WASHINGTON — President Donald Trump is spending valuable time in the final weeks of his re-election campaign trying to boost his numbers among Latino voters in hope of offsetting softening support among other key demographics.
Trump capped off a three-day Western swing with a "Latinos for Trump" event Monday at a Phoenix resort after having spent two days trying to appeal to Latino voters in Nevada, where he said Joe Biden would be a "disaster for Hispanic Americans. He predicted that Hispanics would vote for him because they "like tough people, people who are going to produce jobs."
There are no indications that Trump will be able to win the Latino vote, which has been shifting toward Democrats for the past two decades. But with Trump's support among white voters consistently lower than he attracted in 2016, campaign officials have been saying for months that they see an opportunity to boost support among Latinos with Trump's message on crime and the economy — potentially picking up votes on the margins that could make the difference in closely contested states like Florida and Arizona.
Latinos are expected to be the largest minority group eligible to vote in the 2020 election, making up 13 percent of the voting population, exceeding Black voters for the first time, according to a study by the Pew Research Center. Trump got just 28 percent of the Hispanic vote in 2016, on par with Mitt Romney in 2012 but far below the 44 percent President George W. Bush picked up in 2004.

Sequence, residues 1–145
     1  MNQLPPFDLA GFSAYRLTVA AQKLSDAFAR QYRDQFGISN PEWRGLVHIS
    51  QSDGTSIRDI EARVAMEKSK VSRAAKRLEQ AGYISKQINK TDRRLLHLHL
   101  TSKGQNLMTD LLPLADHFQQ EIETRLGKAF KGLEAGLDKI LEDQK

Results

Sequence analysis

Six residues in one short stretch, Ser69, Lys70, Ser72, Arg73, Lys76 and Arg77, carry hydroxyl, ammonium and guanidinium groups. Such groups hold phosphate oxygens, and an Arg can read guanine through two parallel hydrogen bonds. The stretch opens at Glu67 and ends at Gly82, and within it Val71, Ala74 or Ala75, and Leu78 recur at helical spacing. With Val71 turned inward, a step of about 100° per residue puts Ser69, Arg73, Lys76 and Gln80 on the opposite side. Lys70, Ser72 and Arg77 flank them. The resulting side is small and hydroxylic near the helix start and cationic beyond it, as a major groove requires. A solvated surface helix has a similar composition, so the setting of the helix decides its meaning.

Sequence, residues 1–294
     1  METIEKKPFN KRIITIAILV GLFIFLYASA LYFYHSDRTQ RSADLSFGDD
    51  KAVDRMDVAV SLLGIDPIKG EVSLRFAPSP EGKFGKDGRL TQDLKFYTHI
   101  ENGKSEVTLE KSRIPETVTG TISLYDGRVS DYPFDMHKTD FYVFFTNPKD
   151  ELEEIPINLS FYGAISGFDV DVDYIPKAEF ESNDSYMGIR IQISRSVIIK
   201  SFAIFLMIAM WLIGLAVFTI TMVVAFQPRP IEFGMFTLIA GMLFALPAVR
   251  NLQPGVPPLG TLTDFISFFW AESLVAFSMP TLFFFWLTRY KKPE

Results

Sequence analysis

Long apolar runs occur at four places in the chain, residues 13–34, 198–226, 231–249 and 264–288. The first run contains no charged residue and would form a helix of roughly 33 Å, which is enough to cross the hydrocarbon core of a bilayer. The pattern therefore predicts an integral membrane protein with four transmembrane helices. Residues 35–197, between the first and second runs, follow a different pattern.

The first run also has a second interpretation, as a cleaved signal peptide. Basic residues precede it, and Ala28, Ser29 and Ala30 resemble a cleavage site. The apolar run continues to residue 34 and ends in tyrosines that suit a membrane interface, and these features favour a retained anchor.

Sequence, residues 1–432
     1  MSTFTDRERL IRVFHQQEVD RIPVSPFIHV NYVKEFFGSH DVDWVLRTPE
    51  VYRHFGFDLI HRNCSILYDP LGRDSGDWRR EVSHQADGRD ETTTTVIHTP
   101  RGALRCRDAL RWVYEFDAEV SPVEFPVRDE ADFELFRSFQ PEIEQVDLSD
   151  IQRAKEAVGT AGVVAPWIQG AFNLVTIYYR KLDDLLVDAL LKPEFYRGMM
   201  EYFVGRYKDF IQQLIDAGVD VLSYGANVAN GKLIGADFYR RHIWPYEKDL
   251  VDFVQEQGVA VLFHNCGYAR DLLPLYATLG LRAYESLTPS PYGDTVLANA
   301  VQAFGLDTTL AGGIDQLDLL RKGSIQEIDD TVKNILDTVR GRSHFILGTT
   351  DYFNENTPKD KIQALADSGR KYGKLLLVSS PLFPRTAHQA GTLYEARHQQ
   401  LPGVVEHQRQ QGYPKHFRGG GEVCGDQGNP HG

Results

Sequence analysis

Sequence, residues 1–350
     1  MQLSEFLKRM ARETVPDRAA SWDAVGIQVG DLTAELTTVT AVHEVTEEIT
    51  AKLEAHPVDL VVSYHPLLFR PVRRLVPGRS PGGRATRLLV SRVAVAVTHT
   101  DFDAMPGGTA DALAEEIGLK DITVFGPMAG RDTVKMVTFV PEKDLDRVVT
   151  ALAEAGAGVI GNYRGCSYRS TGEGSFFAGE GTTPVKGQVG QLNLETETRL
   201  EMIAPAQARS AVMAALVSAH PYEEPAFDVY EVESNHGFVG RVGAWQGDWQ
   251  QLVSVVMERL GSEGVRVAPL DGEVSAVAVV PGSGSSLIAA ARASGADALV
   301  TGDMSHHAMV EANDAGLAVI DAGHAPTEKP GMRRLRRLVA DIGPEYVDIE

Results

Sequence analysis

Trump's biggest advantage among Latinos this election cycle appears to be in Florida, helped in part by his anti-socialism message. Trump and Biden are both supported by 48 percent of likely voters in Florida, with the president ahead among Latinos in the state, according to NBC News/Marist polls of Florida voters this month. In the Miami region, heavily populated by Cuban Americans and Venezuelan Americans, Biden leads by 15 points, while Hillary Clinton won the same counties by 27 points in 2016, the poll found.
Trump doesn't seem to be benefiting from the same shift, however, in other states. In Arizona, where the Latino population is more closely tied to Mexico, Biden has about the same level of support that Clinton had in 2016, with 62 percent of Latinos saying they plan to vote for him, compared to 27 percent who plan to vote for Trump, according to a CBS News/YouGov poll. The survey found Biden leading Trump by 47 percent to 44 percent in Arizona, which Trump won by 3 percentage points in 2016 because of higher support from white voters than Clinton got.